On Thursday, we looked at how the government’s main measure of inflation, the Consumer Price Index (“CPI”), flattened in July after 16 straight months of increases.
That wasn’t the only good news.
Two other key inflation measures – wholesale prices and import prices – came in better than they were supposed to.
And something called the Survey of Consumer Expectations showed that most regular Americans expect inflation to fall dramatically from here.
This may not be the end of inflation. But after nothing but bad news for so long, it looks a lot like the beginning of the end.
And if it is, the rally in stocks that’s been underway for four straight weeks could become a new bull market.
We’ll get to why in a moment. First, a closer look at those inflation numbers.
Most folks have heard of the CPI. But you don’t hear much about the other three metrics. And they tell us a lot about where inflation is headed.
Rising wholesale prices threaten retailers’ margins. So they pass on the extra costs to their customers.
And last week, we learned that wholesale – aka producer – prices fell in July for the first time in two years.
That’s going by the Bureau of Labor Statistics’ Producer Price Index (PPI).
It’s based on about 100,000 monthly price quotes that more than 25,000 U.S. wholesalers report online.
It dropped 0.5% in July – its first fall since April 2020, the month the government declared COVID-19 a pandemic.
Most of this fall – about 80%, according to analysts – was due to sinking energy prices.
And as supply chains improve, wholesale prices should fall even more.
Meanwhile, the cost of imported goods fell 1.4% in July. That’s the first drop all year.
A strong dollar helped this by making imports cheaper. Falling fuel costs also played a role.
Inflation isn’t just about rising living costs. It’s also about expectations for future living costs.
That makes it something of a self-fulfilling prophecy.
If consumers expect, say, used cars to be more expensive a month from now… they’re incentivized to buy today.
This causes even more demand for used cars, which further drives up prices.
The same goes for other prices. The more you think the price of something will rise in price in the future, the more likely you are to buy now. This fuels further price rises.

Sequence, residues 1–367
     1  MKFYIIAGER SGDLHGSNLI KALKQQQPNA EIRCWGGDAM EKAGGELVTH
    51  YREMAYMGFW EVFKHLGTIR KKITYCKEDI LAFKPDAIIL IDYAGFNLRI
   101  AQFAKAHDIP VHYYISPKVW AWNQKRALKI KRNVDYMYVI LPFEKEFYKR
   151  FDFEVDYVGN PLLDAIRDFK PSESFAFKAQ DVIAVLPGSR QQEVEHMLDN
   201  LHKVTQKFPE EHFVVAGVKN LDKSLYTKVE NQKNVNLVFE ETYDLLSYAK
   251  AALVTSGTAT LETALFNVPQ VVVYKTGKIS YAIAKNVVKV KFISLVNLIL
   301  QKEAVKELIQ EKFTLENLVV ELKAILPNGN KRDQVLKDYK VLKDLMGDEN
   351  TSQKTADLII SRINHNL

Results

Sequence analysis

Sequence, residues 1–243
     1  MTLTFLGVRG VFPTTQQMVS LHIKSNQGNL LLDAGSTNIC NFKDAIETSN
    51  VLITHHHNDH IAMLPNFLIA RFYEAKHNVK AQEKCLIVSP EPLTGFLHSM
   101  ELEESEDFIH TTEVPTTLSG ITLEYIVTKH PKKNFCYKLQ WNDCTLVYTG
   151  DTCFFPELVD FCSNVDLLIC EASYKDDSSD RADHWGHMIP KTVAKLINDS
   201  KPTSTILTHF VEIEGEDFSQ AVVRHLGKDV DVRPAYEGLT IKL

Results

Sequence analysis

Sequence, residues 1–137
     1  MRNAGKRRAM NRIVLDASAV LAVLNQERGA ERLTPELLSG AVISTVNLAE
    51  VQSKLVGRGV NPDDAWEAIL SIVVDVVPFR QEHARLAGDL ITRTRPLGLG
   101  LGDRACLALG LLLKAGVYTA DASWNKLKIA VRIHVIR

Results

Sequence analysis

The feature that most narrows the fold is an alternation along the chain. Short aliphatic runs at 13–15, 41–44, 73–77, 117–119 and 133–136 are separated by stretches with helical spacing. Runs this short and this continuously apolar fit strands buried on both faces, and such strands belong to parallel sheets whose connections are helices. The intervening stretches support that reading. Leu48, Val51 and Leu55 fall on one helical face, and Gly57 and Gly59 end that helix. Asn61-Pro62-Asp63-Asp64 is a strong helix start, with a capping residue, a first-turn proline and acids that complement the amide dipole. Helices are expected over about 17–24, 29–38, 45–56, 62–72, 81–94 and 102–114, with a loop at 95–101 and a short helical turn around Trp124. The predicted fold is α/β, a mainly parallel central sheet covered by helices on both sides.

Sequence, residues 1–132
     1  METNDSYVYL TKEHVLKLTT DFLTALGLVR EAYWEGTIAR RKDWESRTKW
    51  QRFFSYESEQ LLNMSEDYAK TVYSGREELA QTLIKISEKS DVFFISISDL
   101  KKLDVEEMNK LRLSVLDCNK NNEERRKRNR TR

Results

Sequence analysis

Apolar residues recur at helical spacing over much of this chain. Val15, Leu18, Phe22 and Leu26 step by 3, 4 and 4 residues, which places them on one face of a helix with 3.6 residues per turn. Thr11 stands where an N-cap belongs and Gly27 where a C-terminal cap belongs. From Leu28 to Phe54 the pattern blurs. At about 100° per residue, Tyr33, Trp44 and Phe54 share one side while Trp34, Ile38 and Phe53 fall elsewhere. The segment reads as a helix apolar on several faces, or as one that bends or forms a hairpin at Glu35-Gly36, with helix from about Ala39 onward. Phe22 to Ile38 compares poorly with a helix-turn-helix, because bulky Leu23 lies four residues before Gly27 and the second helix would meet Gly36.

That’s why the results from the last month’s Survey of Consumer Expectations (SCE) are worth noting. It shows that process reversing.
The SCE is a monthly survey of households by the Fed. It covers how much people expect to spend… and how high they expect inflation to be.
In July, the average household expected inflation one year down the road to clock in at 3.6%. That’s down from 6.8% in the June survey.
So peak concern about inflation is behind us… even if it’s still a hot-button issue in the media.
It’s no coincidence that stocks began their bear market descent last November.
That’s around the time the Fed started signaling it would jack up interest rates to tame inflation.
And higher rates hurt stock prices.
When rates go up, so does the “discount rate.” It’s the yield you could earn on the 10-year Treasury note if you don’t tie up your money in stocks.
Wall Street analysts plug this into their models when they value a company’s future cash flows.
The higher the discount rate, the lower they value those cash flows.
This brings down stock market valuations and stock prices.
That’s why you get this mirror relationship between the CPI and the stock market’s price-to-earnings (P/E) ratio…
The P/E ratio tells us how much investors are willing to pay for every dollar in earnings. As the CPI goes up, the P/E ratio goes down. And vice versa.
As I just showed, higher inflation means interest rates go up and stock market valuations go down.
The opposite is also true. Lower inflation means lower interest rates and higher stock market valuations.
That’s feeding into a stock market rally.
You’re looking at the large-cap S&P 500, the tech-filled Nasdaq, and the more speculative small-cap Russell 2000 Index since their June 16 lows.
Since then, the S&P 500 is up 16%… the Nasdaq is up 22%… and the Russell 2000 is up 22%.
All three indexes have now recovered more than half their losses from the bear market.
As I have warned you, bear market rallies can be dangerous traps.
They don’t take stocks lower in a straight line. Along the way, we tend to see powerful, but short-lived, countertrend rallies.
Between March 2000 and October 2002, for instance, the Nasdaq plunged 77%. But during this descent, it rallied 36%, 16%, 25%, 42%, and 46%.
Each rally lured investors back into stocks only to inflict more pain.
That’s why we’re not popping the champagne yet.
But for the first time all year, there’s reason to be optimistic. Inflation is starting to slow. And stocks are taking off.
The more good news we get on inflation… the more likely it is the rally sticks.
August 15, 2022